How exactly the brains in Silicon Valley put together Google's algorithms remains shrouded in mystery. Yet we know quite a bit about it. To update the algorithm Google uses machine learning. An algorithm learns to make independent choices, in this case how high a site appears in the ranking. To get there, the algorithm needs examples of what is good and bad.

Get there manual raters look around the corner: people who indicate, based on Google guidelines, how well a site scores on certain components. Nowadays those are guidelines freely available. This shows that manual raters score based on, among other things, EAT. Below we explain what EAT is, why it is important and how you can make your site EAT-proof.

Huh what, EAT?

EAT stands for expertise, authoritativeness and trustworthiness; three criteria that manual raters use for their scores. They look at the website and its content as well as the author of content on that website. So it concerns these criteria:

Expertise
Website: Is the website organization an expert on the subject? Example: a news platform that has won many Pulitzer Prizes.
Author: Is the author of a website page an expert on the subject? Example: A doctor writes a medical article. But also: an author with experience as a parent on a baby website.

Authoritativeness
Website: How do third parties rate the quality of the website? Example: high substantive appreciation in external reviews.
Author: Number of citations and type of sites on which the author appears. Example: if Jan mainly writes for culinary websites and now suddenly for a car website, his authority is low.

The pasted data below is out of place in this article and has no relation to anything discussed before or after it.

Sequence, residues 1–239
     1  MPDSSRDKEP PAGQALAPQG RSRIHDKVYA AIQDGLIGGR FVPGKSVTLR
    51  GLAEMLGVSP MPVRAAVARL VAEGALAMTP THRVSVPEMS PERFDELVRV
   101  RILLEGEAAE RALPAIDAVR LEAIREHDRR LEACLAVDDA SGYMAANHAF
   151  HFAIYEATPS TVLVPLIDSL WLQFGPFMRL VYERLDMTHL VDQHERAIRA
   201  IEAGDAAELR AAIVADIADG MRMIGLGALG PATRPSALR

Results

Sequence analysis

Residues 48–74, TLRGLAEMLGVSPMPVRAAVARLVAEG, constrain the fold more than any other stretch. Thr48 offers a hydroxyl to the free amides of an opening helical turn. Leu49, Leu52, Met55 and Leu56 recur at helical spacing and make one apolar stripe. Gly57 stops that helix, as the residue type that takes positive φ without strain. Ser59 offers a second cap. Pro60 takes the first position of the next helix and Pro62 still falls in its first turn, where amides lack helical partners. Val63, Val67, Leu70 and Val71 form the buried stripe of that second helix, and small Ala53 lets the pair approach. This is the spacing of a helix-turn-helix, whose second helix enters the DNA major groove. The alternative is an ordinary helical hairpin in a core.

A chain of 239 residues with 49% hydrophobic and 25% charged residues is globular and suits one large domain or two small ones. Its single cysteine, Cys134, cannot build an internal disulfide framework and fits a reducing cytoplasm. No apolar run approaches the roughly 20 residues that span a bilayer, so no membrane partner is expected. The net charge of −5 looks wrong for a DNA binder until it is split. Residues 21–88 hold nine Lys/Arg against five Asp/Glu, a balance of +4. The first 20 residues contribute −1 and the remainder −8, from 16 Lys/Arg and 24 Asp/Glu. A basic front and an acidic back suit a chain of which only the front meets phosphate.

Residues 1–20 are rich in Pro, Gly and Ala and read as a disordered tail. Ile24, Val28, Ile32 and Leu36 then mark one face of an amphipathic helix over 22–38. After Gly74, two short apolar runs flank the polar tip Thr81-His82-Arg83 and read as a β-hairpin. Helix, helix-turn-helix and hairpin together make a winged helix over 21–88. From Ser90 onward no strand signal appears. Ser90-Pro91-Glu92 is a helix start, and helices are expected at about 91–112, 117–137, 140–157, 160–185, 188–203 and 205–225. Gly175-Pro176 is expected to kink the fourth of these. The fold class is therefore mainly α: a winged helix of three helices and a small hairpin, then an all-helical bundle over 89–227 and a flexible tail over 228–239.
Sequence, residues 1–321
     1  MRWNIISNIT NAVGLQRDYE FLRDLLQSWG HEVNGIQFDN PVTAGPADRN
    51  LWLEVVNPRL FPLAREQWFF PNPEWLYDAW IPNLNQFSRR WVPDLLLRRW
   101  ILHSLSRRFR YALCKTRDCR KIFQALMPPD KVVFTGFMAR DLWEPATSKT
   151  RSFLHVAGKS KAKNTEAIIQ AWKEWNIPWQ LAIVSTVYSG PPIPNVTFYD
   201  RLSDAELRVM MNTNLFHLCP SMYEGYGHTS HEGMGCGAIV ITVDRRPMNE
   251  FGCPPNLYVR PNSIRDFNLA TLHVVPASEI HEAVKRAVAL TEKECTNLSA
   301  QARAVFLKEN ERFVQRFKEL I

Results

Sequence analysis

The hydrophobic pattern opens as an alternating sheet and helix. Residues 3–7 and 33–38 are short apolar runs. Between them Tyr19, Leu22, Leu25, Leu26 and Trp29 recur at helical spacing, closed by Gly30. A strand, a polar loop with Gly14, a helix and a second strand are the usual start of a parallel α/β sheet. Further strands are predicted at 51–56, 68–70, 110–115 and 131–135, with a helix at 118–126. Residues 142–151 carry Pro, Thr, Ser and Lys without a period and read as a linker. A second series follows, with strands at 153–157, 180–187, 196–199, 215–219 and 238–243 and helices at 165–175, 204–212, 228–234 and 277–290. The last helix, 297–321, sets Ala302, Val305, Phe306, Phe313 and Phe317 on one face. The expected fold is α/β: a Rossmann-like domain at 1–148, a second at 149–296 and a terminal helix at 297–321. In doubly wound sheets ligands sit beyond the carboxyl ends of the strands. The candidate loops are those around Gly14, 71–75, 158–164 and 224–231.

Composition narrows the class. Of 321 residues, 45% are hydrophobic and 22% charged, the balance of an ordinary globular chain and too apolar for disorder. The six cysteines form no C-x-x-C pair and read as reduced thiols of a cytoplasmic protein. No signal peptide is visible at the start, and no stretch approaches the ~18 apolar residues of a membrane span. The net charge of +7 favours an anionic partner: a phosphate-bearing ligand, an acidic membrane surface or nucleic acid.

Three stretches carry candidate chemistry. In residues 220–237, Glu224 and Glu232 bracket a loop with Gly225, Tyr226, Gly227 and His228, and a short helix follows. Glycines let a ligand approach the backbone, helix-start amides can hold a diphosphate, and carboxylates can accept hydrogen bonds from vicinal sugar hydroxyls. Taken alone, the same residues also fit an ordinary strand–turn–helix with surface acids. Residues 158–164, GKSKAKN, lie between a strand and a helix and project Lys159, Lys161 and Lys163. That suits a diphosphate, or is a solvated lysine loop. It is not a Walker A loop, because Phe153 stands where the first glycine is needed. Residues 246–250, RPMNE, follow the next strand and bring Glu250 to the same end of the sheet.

trustworthiness
Website: How reliable is the website? Example: Is there a clear and relevant 'about us' page and, where relevant, clear customer service information?
Author: Same criteria as for authoritativeness.

Why is EAT important?

Google's algorithm is based on more than the EAT score. Implementing all the principles of EAT does not give you a conclusive guarantee of a high place in the ranking, but it does play an important role. EAT belongs to the top 3 considerations for page quality rating. The quality of your website has an impact on how Google judges and ultimately ranks your website. Moreover, a high EAT score implies high quality of your website, which can be a good reason for users to visit your website.

How do you make your site EAT-proof?

With the following seven tips (arranged per section) you can ensure a high EAT score for your website:

  1. overall: ensure a good user experience. Create a logical site architecture, a clear and good search function, label all your content and put it in relevant categories. This gives raters the feeling that they are dealing with a reliable website and it ensures better reviews from third parties.
  2. overall: make it clear on every page who the author is, only then can you score high on this criterion.
  3. expertise: Have your content written by experts. This does not have to be a trained expert, relevant life experience also counts.
  4. Authoritativeness: Own reviews on your site don't help, you have to get it from third parties - especially professional organizations. You can check how you score on this by Googling your organization and excluding results from your own site (search term: 'van ons reviews -site:van-ons.nl').
  5. Trustworthiness: provide a terms of service and privacy policy for the use of cookies.
  6. Trustworthiness: create an easy-to-find contact page and 'about us' page in which you provide clear information about your organization.
  7. Trustworthiness: consider blogging on your site. This shows that your site is up-to-date and that your site is relevant to the important topics you want to be found on.